“If you want your own slice of Cavalier athletics history, the University of Virginia will distribute bricks from the exterior of University Hall for free Thursday evening.”
ZACK WAJSGRAS/THE DAILY PROGRESS 5/15/2019
University Hall University Hall is an 8,000+ seat multi-purpose butt-ugly arena on the University of Virginia Grounds in Charlottesville, Virginia. Constructed in 1965. Barry Parkhill and Ralph Sampson played basketball under the dome. B.B. King, Steve Goodman, R.E.M., Dionne Warwick, 10,000 Maniacs, The Pretenders, Grateful Dead, the Beach Boys played music here.
University Hall is being demolished.
Christian belief in the power of relics, the physical remains of a holy site or holy person, or objects with which they had contact, is as old as the faith itself and developed alongside it. Relics were more than mementos. The New Testament refers to the healing power of objects that were touched by Christ or his apostles.–Metropolitan Museum
(Or objects touched by Lucille)
The healing power of even half a brick can’t be discounted. And the price, FREE.
By 6:30 the line was 600 feet long. Initially the bricks were whole, clean, shrink wrapped on pallets but those were gone soon.
But these are good people, Charlottesvillians. They queue up, they wait patiently, they talk to their neighbors in line.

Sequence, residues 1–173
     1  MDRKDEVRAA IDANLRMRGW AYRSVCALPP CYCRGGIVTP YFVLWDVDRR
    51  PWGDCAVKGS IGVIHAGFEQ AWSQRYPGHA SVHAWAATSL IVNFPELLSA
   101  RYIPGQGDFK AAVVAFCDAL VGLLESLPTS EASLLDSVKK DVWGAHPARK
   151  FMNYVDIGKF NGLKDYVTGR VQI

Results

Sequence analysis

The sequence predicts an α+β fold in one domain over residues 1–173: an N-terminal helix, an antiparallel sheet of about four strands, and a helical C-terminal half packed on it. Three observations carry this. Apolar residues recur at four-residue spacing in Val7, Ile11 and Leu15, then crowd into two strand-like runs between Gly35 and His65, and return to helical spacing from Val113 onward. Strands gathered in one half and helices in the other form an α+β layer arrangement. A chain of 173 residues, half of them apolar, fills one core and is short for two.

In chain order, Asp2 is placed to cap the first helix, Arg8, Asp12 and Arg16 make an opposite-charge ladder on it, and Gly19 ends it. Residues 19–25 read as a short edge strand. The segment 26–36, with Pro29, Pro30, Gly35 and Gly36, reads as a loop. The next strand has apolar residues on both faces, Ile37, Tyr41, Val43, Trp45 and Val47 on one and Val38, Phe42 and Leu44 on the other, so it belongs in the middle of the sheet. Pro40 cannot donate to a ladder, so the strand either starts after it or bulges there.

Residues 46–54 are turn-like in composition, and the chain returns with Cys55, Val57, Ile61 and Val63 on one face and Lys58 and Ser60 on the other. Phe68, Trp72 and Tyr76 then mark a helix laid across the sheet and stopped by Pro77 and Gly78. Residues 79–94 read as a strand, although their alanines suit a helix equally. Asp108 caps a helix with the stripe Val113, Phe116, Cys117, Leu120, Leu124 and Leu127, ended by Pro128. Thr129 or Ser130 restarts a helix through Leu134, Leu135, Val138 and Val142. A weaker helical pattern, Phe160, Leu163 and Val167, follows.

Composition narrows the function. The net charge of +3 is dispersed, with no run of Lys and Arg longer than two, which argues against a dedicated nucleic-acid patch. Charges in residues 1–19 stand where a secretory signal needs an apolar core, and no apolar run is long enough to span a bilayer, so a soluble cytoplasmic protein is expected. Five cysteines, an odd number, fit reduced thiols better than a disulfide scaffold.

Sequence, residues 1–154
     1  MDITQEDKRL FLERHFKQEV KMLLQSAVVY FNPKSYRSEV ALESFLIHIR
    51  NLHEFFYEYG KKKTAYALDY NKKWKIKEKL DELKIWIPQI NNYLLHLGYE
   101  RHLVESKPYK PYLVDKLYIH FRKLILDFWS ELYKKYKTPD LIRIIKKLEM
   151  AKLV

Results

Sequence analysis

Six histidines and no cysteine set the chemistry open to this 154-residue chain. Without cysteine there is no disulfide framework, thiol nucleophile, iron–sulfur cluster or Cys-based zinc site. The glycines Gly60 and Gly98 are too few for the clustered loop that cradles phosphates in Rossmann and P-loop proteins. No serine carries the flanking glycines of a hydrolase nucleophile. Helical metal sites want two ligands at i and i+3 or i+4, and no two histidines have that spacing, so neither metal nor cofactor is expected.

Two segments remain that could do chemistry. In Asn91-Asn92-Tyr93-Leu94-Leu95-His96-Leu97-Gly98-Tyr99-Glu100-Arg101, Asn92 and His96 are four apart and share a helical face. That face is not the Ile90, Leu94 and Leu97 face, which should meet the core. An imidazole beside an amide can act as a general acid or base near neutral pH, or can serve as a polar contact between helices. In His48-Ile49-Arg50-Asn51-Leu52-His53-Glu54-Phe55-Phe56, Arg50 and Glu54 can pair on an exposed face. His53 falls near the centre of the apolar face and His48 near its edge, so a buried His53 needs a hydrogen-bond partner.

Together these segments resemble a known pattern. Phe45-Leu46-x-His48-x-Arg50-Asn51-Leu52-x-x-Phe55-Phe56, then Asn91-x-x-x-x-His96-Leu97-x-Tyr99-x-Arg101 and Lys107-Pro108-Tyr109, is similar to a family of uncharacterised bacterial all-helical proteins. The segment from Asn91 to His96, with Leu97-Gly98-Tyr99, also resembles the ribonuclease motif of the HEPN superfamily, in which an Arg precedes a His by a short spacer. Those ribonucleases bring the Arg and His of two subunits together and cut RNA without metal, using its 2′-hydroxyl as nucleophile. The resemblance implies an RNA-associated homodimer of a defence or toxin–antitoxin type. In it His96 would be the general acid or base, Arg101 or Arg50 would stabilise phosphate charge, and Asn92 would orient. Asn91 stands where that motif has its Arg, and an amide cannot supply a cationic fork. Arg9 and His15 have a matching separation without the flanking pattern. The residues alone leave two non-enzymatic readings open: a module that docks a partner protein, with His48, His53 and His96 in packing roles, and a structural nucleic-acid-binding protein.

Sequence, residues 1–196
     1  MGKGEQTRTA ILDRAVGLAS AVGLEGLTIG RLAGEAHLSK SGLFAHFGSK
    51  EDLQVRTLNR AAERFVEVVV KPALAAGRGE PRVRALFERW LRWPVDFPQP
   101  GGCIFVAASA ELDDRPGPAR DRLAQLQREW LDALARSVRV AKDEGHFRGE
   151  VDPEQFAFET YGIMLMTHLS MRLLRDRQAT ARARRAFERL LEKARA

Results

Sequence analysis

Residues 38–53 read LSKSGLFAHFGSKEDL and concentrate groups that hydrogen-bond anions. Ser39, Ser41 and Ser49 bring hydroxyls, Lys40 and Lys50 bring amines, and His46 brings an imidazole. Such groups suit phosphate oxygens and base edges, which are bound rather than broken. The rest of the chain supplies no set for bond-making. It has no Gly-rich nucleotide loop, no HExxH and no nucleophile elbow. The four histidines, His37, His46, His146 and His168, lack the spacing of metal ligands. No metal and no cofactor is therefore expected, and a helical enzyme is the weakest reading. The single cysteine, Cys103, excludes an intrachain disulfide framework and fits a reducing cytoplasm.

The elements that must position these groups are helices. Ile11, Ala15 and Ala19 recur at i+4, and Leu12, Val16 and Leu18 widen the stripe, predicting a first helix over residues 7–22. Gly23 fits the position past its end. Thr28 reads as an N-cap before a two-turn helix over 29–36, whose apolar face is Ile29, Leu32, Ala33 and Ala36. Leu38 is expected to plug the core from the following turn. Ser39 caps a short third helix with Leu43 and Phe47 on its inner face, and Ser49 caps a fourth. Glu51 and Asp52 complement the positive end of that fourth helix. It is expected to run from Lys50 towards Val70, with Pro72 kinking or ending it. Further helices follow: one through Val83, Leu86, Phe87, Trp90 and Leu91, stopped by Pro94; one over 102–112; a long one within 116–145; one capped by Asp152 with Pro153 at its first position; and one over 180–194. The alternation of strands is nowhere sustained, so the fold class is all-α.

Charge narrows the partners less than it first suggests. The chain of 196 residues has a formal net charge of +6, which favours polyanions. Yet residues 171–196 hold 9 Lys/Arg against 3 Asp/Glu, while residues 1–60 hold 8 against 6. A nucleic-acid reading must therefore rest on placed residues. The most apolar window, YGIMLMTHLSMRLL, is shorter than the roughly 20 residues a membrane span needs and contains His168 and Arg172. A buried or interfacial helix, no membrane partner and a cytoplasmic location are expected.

They do not riot or fight, they do not mob the one hapless guy driving the bobcat transporting masonry rubble to the faithful.
The people are civil, polite, kind, patient.
Ultimately they reach the head of the line.
Taking home a fragment of Ralph’s house, of the music hall, of the place where Presidents spoke. A fragment valuable because they believed, because they waited for it, because because.
William Weedon was an individual not bound by conventions. He was a member of the Albemarle Garden Club at a time when the club had only one other male member. He won a Blue Ribbon Prize in a flower arrangement contest by placing a solitary rose inside a horse’s skull.–Wikipedia
The text of Bush’s speech is available. Of interest to the Charlottesville City Council, Bush spoke about the importance of basic civility in dealing with each other in public affairs.